The EPA has information on the Coal Combustion Products Partnership. You can read about the benefits of using CCPs. Studies and research conducted or supported by EPA, Electric Power and Research Institute (EPRI), government agencies, and universities indicates that the beneficial uses of coal combustion products have not been shown to present significant risks to human health or the environment. The EPA also has information on the Coal Combustion Waste Fill Minefill Site Visits. From September 2001 to October 2002, EPA conducted visits to nine States to collect information regarding the regulation of coal combustion waste (CCW) minefill management practices within those States. The visits consisted of meetings with State regulators, and, in most cases, visits to sites where CCW has been or is currently being placed.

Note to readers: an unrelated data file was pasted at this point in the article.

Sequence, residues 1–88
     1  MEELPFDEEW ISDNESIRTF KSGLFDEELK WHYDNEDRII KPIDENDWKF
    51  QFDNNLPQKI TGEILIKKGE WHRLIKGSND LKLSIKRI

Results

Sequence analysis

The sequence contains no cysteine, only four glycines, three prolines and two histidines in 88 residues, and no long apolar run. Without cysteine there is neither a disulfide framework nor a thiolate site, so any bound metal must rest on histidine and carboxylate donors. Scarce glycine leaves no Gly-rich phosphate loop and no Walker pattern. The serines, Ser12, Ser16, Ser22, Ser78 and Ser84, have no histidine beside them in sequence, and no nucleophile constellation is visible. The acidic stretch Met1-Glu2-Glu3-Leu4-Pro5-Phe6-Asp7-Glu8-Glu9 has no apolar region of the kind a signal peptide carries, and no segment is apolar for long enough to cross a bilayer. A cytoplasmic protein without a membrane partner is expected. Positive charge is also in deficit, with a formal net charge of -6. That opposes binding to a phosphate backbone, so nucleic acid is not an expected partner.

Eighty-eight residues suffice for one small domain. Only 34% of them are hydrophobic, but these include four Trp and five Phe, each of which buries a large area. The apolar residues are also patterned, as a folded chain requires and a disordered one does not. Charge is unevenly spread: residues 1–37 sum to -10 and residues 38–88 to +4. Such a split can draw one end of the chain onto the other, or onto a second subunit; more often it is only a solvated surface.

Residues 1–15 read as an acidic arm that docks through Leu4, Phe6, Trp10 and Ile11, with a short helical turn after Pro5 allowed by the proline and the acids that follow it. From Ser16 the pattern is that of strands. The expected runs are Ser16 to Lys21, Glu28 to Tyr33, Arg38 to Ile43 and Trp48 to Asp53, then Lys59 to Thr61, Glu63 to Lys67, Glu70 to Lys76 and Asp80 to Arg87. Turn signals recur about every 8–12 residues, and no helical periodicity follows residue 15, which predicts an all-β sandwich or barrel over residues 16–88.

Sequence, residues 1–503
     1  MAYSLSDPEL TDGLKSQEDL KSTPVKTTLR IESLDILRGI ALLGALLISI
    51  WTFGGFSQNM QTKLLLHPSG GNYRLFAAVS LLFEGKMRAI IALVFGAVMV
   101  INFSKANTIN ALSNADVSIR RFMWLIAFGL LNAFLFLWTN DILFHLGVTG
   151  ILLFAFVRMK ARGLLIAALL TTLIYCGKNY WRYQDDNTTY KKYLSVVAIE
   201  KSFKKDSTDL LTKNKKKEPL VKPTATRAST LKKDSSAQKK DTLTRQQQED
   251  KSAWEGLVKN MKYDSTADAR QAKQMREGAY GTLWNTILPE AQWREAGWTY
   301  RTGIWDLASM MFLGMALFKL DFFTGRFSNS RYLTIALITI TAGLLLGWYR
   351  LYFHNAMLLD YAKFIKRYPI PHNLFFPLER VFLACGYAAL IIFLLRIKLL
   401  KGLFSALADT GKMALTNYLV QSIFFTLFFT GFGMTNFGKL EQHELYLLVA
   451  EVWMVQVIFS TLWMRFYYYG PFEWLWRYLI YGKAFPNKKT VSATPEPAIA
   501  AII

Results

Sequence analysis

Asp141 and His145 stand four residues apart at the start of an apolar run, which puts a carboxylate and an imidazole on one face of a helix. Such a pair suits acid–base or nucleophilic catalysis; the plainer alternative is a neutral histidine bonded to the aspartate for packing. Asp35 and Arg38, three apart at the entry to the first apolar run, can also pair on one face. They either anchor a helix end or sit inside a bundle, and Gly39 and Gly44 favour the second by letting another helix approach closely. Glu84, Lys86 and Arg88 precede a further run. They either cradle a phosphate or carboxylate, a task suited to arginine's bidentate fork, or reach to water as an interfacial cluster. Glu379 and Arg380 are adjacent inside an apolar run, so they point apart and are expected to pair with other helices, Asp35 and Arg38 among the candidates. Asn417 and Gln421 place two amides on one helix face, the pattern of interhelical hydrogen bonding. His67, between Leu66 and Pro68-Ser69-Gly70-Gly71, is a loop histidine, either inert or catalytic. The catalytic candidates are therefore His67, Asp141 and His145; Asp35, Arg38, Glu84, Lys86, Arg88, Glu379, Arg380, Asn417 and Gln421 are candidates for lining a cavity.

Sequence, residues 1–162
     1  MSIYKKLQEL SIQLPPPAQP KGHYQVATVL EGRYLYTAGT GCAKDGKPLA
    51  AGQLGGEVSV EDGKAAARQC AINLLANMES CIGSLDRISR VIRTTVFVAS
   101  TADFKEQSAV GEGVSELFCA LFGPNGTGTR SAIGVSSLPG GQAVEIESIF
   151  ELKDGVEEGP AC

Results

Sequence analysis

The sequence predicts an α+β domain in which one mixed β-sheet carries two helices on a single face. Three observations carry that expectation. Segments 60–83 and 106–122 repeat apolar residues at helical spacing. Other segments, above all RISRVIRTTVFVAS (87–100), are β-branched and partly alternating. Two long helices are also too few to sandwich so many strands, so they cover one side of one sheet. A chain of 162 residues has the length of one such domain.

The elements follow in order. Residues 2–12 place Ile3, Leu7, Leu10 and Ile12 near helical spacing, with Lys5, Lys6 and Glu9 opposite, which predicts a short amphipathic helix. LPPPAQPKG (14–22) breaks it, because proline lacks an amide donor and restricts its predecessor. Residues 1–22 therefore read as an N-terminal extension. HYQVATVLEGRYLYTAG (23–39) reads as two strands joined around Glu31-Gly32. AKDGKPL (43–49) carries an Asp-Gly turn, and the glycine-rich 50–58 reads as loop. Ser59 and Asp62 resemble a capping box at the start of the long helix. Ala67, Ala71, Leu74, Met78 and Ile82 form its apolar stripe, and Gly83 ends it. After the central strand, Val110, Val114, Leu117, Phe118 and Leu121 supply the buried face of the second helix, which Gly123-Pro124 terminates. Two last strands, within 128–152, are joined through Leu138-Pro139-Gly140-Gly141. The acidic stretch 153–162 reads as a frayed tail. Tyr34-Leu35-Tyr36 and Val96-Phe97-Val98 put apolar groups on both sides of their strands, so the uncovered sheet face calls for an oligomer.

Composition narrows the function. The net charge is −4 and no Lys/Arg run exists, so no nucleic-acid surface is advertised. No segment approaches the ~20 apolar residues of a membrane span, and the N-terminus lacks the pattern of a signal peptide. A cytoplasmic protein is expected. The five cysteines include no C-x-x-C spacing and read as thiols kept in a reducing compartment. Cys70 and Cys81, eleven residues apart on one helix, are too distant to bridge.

Contents on this webpage were developed by Stephanie Nardei Outreach Information Specialist, Center of Toxicology, Southwest Environmental Health Sciences Center, University of Arizona.


    PULSE is a project of the Community Outreach and Education Program of the Southwest Environmental Health Sciences Center and is funded by:


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    NIH/NCRR award #16260-01A1
    The Community Outreach and Education Program is part of the Southwest Environmental Health Sciences Center: an NIEHS Award

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    Supported by NIEHS grant # ES06694


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    Last update: March 7, 2007